Mariam Rahmani, from Kent, Ohio, is majoring in comparative literature and pursuing certificates in Persian language and culture, and European cultural studies. Rahmani has been the president of the Muslim Students Association and a co-convener of the Religious Life Council. She has worked to create a healthy environment for Muslim students through interfaith iftars, Eid banquets, the annual Fast-a-Thon and the creation of an alumni community group. With the University's Religious Life Council, she participated in a trip to India to study religious pluralism, spoke at the World Parliament of Religions in Melbourne, traveled to Tanzania in summer 2008 and participated in a Muslim-Jewish dialogue trip to Spain. Additionally, Rahmani served on the selection committee for the first Muslim chaplain at Princeton and for the new vice president of campus life. In her senior year, she spoke to the freshman class at "Reflections on Diversity" and is a residential college adviser in Butler College.
Gabriel Rodriguez, from Mexico and Rancho Cucamonga, Calif., has been a campus leader within the lesbian, gay, bisexual and transgender (LGBT) community. With the LGBT Center, he has served as an undergraduate intern, facilitator of the class of 2011 weekly support/discussion group, Pride Alliance publicity chair, peer educator and center employee. He was instrumental in organizing many Pride Alliance initiatives including Awareness Week, Pride Week, the Love = Love Valentine’s Day Program and Queer Articulations. In addition, Rodriguez was a student leader in the monthly "Queering the Color Line Family Dinners" for LGBT students, staff and faculty of color, organizing and facilitating many of the meetings. Rodriguez, an architecture major, is a residential college adviser in Wilson College and an Orange Key tour guide and publicity manager. He also is a dancer and artistic director for Ballet Folklórico, Princeton’s traditional Mexican folk dancing group.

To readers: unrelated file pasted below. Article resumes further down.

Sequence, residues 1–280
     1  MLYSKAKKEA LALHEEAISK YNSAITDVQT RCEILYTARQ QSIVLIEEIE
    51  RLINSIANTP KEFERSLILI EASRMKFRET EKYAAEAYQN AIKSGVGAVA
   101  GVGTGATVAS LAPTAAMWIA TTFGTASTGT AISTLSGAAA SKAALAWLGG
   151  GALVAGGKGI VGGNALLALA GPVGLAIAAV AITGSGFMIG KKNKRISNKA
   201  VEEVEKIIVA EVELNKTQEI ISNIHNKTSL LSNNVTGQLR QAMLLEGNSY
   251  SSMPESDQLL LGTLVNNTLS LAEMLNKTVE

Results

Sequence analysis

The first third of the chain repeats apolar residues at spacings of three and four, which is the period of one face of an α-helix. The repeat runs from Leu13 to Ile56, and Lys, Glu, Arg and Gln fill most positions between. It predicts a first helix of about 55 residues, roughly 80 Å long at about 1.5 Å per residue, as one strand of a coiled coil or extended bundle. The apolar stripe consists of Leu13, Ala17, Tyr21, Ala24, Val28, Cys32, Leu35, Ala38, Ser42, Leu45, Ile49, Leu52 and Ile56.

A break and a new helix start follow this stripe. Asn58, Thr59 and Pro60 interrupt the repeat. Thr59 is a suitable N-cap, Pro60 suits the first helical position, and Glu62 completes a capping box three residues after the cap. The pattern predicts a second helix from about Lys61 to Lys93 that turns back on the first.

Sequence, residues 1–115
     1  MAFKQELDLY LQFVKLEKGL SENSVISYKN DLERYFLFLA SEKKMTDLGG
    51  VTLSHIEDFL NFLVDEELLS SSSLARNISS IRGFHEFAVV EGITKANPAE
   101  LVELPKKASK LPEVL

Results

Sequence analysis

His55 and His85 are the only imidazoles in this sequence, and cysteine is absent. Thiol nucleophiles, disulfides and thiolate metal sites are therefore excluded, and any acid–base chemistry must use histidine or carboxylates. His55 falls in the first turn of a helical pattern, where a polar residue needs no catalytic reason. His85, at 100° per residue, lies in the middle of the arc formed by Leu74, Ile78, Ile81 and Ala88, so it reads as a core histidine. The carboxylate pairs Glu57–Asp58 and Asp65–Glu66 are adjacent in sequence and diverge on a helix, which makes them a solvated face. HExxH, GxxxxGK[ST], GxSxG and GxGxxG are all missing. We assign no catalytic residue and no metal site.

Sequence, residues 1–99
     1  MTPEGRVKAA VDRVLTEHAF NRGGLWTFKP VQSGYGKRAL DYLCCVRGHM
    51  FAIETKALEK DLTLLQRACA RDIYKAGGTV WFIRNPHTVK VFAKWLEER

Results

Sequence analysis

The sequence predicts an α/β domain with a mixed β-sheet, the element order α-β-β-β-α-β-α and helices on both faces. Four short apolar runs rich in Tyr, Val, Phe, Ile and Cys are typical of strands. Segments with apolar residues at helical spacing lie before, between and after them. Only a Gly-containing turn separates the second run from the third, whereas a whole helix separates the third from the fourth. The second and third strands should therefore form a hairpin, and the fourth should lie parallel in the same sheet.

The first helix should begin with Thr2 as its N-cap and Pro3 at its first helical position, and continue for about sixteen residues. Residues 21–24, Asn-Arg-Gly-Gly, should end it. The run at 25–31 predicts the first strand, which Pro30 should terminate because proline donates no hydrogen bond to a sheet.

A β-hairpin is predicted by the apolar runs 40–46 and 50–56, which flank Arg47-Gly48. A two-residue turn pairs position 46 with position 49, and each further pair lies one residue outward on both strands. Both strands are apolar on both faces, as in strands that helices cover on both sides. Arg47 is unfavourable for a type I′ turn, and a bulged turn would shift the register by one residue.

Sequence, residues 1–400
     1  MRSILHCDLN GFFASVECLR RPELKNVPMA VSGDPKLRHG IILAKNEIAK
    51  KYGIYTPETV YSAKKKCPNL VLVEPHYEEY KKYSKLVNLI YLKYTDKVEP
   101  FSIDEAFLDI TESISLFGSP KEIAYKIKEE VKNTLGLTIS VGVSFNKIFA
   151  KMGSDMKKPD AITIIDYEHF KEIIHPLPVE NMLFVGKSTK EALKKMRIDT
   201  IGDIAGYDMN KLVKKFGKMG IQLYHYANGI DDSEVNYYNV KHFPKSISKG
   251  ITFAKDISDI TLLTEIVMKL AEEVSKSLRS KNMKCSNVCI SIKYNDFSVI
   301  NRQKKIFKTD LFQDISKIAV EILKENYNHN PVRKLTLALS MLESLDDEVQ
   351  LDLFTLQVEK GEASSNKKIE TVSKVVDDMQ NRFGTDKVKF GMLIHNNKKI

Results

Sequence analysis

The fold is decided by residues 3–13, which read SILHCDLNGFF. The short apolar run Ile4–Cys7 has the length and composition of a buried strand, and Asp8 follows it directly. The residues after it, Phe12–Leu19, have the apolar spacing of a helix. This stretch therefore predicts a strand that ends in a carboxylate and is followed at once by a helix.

Doug Sprankling, from Davis, Calif., is an English major with a certificate in English and American literature. A gifted humor writer, he has used his talents to revitalize the Forbes College InnFormer newsletter and write the comical halftime shows of the Princeton University Band. Sprankling is a member of the Forbes College Council and also served as an academic peer adviser and the Forbes intramural chair. In the band he plays the trumpet and has been drum major. Sprankling has participated in Outdoor Action all of his four years at Princeton, serving as a leader, first aid instructor and finally as one of the four trip coordinators, coordinating 93 trips for 744 freshmen. He also leads Orange Key tours and has served as the group’s historian, writing the "Guide for Guides." A member of the Princetoniana Committee, he organized the second annual freshman step sing held during orientation week, which has become a new Princeton tradition. He now is coordinating the 250th senior step sing for this year's Commencement.